I know Ragnar is the focus of the story but I so love Ragnars’s wife, Lagertha, a shield maid, worth her weight in gold, I’d say (at least how she is portrayed on the TV).  Fearless, capable, hardworking, a little more than scary, faithful, honest, tough, not afraid to speak up, smart, a protective mother and the kind of wife only a strong,  capable man would truly appreciate.

I smile when I see her do many things I would do or have done and I have started to think better of myself. If I can admire those things in her I can forgive myself for some of the things people don’t like about me. 

Although it’s my cowboy who knows he’s a descendant of Ragnar I can’t can’t help but wonder why I feel such a kinship to a Viking Sheildmaid. 


They can be so odd, dreams can. Remembered, not rememberanced, delicious or terrifying, and some explain things, events, past and present and sometimes future.

Like Israel’s boy, Joseph, who was sold into Egypt I have dreamed dreams in times past and been given very specific interpretation of them. I’ve learned to pay attention to my dreams.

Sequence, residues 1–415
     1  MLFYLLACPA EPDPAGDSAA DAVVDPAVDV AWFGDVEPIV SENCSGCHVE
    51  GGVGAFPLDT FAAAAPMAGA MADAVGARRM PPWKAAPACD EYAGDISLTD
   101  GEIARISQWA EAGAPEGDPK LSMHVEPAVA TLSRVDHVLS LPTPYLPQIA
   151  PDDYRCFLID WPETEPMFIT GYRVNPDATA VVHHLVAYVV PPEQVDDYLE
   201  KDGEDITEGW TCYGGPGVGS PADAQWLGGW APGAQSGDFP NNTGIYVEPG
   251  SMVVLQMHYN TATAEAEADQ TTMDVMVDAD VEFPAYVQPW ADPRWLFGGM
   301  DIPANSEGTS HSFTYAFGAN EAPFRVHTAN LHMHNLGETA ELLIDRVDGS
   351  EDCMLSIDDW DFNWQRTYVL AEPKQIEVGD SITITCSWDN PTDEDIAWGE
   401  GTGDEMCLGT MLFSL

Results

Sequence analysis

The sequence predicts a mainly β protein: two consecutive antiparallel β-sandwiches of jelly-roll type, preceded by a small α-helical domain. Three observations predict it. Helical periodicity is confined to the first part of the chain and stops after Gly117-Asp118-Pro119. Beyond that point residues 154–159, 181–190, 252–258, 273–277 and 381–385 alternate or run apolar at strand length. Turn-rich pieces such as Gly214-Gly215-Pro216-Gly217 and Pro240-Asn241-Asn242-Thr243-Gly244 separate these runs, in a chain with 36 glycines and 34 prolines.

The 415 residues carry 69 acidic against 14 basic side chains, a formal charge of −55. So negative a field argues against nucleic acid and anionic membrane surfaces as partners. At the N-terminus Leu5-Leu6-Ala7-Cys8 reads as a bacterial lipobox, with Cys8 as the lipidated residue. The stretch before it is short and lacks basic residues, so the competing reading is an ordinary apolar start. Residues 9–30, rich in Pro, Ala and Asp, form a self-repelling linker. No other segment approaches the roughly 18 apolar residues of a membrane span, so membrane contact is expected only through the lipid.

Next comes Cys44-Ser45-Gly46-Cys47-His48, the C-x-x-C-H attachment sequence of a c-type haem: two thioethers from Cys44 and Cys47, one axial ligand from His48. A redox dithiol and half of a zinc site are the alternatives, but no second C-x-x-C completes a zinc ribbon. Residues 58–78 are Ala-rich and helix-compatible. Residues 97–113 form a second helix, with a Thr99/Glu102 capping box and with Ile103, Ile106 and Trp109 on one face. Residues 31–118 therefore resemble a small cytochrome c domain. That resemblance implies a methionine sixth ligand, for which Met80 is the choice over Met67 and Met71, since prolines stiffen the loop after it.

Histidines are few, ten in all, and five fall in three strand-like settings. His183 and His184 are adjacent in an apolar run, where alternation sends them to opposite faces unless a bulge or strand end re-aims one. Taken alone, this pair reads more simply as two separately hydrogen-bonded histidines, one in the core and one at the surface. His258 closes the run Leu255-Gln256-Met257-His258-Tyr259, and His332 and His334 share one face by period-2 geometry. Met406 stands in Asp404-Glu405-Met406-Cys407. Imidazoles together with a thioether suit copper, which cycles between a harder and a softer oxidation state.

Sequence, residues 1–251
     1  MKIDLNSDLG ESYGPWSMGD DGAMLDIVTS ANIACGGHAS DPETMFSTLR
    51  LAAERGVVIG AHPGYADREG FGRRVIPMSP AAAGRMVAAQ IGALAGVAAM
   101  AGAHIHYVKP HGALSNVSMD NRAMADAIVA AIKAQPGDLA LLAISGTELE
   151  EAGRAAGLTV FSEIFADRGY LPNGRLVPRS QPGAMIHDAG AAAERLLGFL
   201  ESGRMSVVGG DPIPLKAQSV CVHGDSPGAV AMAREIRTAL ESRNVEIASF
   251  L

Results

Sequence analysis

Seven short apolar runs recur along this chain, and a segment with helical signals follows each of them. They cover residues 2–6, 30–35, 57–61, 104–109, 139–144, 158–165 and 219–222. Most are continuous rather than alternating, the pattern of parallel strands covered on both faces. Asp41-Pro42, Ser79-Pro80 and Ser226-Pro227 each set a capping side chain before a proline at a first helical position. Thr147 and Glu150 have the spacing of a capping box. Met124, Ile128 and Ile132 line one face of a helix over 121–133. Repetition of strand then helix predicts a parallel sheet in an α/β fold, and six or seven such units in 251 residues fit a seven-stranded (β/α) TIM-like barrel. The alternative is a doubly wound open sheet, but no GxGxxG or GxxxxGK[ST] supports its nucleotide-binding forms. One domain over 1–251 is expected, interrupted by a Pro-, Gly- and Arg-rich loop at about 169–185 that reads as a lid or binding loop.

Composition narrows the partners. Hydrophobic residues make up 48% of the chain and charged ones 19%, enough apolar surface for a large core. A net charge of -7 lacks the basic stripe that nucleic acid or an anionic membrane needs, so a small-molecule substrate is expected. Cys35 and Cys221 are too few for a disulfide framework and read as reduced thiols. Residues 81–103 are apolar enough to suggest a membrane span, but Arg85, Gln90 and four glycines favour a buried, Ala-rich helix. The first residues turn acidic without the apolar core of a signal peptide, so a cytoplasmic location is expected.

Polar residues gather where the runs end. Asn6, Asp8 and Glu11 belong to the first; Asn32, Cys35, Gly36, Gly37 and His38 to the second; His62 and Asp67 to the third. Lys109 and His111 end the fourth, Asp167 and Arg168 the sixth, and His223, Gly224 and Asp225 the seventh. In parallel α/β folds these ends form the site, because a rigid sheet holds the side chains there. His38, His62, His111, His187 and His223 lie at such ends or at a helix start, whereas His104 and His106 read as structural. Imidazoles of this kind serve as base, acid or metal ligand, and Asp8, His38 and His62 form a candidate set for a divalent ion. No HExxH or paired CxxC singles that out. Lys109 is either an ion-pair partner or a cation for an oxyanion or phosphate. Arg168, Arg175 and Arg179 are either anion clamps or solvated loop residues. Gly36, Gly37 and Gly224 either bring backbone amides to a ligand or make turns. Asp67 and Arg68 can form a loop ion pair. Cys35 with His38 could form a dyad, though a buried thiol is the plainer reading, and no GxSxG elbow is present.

Today’s dream: I’m in the passengers seat, my cowboy driving, in the dark down a mountain hiway. The road turns sharply left and too late I see that we are headed over the cliff. The car sails out over the edge and begins to fall.

 It is strangely quite, peaceful even. I can feel my breath stop and my stomach rise. Time slows immeasurably. I know when we hit the bottom we will die and I wait for it and we fall for ever so long. Before our cars crashes at the bottom I wake up, feeling almost cheated. 

I think this is where I am. I have irreversibly driven out over the cliff and just not hit the bottom yet. It’s an odd place to be-between no longer and not yet.